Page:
Brian Platz

Recent Articles

White Oak Shade Home Under Cease-and-Desist Has Curious Footnote in New Canaan History

The White Oak Shade home now under a cease-and-desist order after an unpermitted demolition of its second floor dates to about 1750, historic preservationists say, and appears originally to have belonged to a Canaan Parish family that earned a curious—and rather treacherous—footnote in the history of the town. According to New Canaan Historical Society files cited by Rose Scott Long, co-president of the New Canaan Preservation Alliance, the home at 251 White Oak Shade Road had been labeled at one time as the “William Reid, Sr. House.”

Records show that it has been renovated several times since the 18th Century, making it “difficult to discern what was original and what was fabricated to appear original,” Scott Long told One historical record also notes that the home at some point was “moved back from the road.”

A census records list unearthed by Scott Long indicates that in 1790—the year of the first census in the United States—the home was inhabited by a “William Reed, Jr.”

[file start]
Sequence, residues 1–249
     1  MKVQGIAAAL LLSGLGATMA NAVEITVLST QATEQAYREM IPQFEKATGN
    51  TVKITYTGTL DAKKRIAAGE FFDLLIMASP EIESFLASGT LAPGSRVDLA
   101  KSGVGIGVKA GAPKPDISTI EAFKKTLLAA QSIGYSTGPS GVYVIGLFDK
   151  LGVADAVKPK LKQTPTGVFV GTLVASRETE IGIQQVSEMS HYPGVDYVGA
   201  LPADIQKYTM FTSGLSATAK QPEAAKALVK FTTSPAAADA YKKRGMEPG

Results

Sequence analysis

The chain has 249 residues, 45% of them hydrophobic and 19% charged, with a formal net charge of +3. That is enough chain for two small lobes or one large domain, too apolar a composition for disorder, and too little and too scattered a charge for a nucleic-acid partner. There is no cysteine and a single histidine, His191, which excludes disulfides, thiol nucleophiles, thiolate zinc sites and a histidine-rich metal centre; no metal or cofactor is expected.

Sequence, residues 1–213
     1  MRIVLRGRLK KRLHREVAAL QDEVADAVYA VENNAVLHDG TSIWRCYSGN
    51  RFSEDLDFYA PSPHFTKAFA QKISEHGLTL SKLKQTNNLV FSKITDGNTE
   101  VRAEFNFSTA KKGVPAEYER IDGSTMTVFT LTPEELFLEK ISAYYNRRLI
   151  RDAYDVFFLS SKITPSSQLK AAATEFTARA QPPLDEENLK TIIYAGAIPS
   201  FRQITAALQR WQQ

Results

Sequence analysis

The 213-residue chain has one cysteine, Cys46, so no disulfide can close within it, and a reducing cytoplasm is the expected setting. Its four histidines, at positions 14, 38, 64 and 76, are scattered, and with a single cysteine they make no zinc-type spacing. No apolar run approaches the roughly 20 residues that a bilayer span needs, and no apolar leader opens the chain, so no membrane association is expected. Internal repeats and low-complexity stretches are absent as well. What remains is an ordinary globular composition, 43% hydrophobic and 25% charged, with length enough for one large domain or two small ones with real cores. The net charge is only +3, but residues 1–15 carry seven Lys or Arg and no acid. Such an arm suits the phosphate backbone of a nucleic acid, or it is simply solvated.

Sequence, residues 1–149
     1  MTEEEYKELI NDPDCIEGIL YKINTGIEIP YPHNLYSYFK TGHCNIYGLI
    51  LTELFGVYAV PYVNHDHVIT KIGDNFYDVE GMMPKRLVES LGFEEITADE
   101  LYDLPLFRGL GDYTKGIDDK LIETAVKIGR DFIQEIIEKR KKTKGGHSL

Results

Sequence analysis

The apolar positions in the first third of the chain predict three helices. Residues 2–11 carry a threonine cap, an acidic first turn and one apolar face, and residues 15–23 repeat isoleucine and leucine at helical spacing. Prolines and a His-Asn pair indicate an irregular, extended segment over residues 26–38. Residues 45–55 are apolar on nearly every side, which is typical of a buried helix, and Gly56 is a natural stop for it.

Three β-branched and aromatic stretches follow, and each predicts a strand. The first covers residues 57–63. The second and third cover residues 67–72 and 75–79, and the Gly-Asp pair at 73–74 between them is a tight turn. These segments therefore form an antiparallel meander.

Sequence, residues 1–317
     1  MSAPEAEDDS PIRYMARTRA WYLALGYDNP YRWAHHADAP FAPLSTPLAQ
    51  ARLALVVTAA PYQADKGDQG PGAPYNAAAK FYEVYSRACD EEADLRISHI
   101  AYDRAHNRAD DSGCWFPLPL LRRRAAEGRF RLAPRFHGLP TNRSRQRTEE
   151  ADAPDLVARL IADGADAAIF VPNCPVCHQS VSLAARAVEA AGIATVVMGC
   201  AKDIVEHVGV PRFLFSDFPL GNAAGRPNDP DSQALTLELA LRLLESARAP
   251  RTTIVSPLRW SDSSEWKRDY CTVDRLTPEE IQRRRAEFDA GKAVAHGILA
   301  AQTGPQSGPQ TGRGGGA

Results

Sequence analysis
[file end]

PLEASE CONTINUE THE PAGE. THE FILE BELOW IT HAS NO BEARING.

Turning back to the clock about a dozen years, to the American Revolutionary War—historians note that in Canaan Parish (recall that New Canaan, as we know it, wasn’t incorporated until 1801), one practice among patriots as well as Loyalists seeking to maximize value in trade was to drive cattle across Westchester County to trade with the British, who paid in coin rather than unreliable Continental paper money. (Mary Louise King notes in her “Portrait of New Canaan” history that Maj. Benjamin Tallmadge, among other heroic feats of battle during the war, in 1779 moved against that illicit trade.)

The year that Lord Cornwallis would surrender, in October, at Yorktown, Va.—1781—opened in Canaan Parish with “Samuel Cooke Silliman presiding over the trials of three men and a woman who had been trading with the enemy,” King writes. Continue Reading →

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Cease-and-Desist Issued at White Oak Shade Home After Unpermitted Partial Demolition

Building officials this week issued a cease-and-desist order to the owners of an antique White Oak Shade Road home that appears already to have undergone a partial demolition though no such approvals have been granted, documents show. The New Canaan Building Department last week issued a permit for an interior renovation on the first and second floors of the 18th Century Cape Cod style-home at 251 White Oak Shade Road. The homeowners on Wednesday applied for a demolition permit. Yet a look at the ca. 1700-built Cape on Thursday showed that the second floor already had been completely demolished. Continue Reading →

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‘A Great Asset to the Town’: Selectmen Appoint New Canaan Chief Building Official To Next Four-Year Term